“The Court’s opinion contains… hints that Coloradans have been guilty of ‘animus’ or ‘animosity’ toward homosexuality, as though that has been established as Unamerican. . . . I had thought that one could consider certain conduct reprehensible–murder, for example, or polygamy, or cruelty to animals–and could exhibit even ‘animus’ toward such conduct.”

His twisted logic and lack of respect for people’s ability to access health care in reference to the Affordable Care Act:

“Could you define the market — everybody has to buy food sooner or later, so you define the market as food, therefore, everybody is in the market; therefore, you can make people buy broccoli.”

Justice Scalia had no respect for any opinion — or any life — other than his own.

So, get over yourself if I laugh at this:

“Antonin Scalia requested cremation in his will, but millions of women will meet tomorrow to discuss if that’s really best for his body.”

 

Old habits die hard

blmsmall

When my son died seven years ago from lack of access to health care, I set about telling people that his life mattered. It mattered to me and to my family. It mattered to his friends and to the people whose lives he saved through his work in addiction recovery.

His life mattered. I used that phrase a lot when I spoke in public about his life and death, and I couldn’t think of a phrase that said it better or more succinctly.

So, a couple years ago, when the phrase “Black lives matter,” began popping up, I really, really understood the meaning.

But as much as I got it, I began to realize I would have to give up that phrasing when it came to my son and others who die from lack of care. Yes, their lives matter, and it wasn’t without a tinge of resentment that I realized the phrase now belongs to a civil rights movement that doesn’t necessarily include my son.

Breaking the habit of using it in reference to health care is a hard thing to do. That’s because my son’s life did matter; I just have to find another way to say that because I have great respect for the Black Lives Matter movement, and I fully understand the need to specify that black lives matter.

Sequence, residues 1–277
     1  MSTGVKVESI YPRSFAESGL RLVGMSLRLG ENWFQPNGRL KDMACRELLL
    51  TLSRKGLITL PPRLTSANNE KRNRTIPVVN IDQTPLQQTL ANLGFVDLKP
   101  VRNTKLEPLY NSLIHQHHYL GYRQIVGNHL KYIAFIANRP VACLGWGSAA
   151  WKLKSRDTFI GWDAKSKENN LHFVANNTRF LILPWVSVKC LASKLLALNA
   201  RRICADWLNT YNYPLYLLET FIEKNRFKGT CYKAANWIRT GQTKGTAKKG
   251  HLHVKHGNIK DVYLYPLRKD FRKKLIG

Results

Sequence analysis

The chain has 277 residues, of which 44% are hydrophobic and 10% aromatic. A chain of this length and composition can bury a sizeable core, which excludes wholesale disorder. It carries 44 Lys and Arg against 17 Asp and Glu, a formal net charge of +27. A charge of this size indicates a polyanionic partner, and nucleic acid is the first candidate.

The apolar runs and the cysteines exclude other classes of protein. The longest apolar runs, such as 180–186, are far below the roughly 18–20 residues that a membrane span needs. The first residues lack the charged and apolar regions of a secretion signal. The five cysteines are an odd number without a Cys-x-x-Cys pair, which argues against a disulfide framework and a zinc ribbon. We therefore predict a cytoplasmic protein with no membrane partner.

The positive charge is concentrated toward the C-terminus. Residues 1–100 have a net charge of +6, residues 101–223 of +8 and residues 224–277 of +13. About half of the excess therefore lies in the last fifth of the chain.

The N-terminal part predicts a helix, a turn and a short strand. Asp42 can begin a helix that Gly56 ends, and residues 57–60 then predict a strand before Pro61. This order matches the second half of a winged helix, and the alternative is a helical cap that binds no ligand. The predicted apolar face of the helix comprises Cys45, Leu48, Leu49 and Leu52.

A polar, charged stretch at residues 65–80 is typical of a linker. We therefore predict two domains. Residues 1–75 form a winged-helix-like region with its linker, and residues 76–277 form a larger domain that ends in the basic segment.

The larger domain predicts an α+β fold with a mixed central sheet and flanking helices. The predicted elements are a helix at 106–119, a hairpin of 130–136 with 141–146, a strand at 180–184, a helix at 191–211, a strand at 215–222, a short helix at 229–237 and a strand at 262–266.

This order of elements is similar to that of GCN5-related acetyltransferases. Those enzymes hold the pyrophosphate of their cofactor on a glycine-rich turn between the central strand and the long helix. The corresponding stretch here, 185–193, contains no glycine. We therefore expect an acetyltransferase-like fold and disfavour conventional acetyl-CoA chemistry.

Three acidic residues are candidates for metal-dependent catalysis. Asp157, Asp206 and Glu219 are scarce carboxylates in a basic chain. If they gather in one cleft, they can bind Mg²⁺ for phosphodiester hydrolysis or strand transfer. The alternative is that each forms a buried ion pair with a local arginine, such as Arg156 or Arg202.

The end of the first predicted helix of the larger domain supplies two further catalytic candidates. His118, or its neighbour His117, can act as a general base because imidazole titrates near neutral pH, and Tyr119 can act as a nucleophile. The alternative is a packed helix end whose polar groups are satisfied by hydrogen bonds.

My son died from lack of access to health care. That happens to people in poverty, and more people of color are trapped in poverty than are white people. More people of color are denied care. More people of color die, and each of those lives matters to me.

What’s worse is that more black people die at the hands of law enforcement; more unarmed black people, in fact. It happens far more often that a person who might have committed a minor offense if slain by police if that person is black.

I understand this. I have internalized this. I have sat at a table with three African-American women and learned that all of them have lost sons to gunfire. I, on the other hand, got to say goodbye to my son. At least I have that.

So, I know I shouldn’t use the “… lives matter” phrasing, but the habit creeps in and it’s done before I realize I have done it.

Recently I used it on a Facebook event page and faced a shitstorm of criticism. I was on the road, traveling to my stepbrother’s funeral and didn’t have a chance to change it immediately, which only made people angrier.

I apologize. Really. I will try not to use that phrasing again. But if I do, please do as one of my friends did and private message me gently. I’m trying to break the habit. It can be difficult for me to remember that I need to find another way to phrase what my son;s life meat, but I am willing to do that.

I know all lives matter, but we must specify until people really understand that black lives matter every bit as much as mine or my son’s.

I understand. I get it. I will break the habit. Just, please, don’t call me names — especially racist.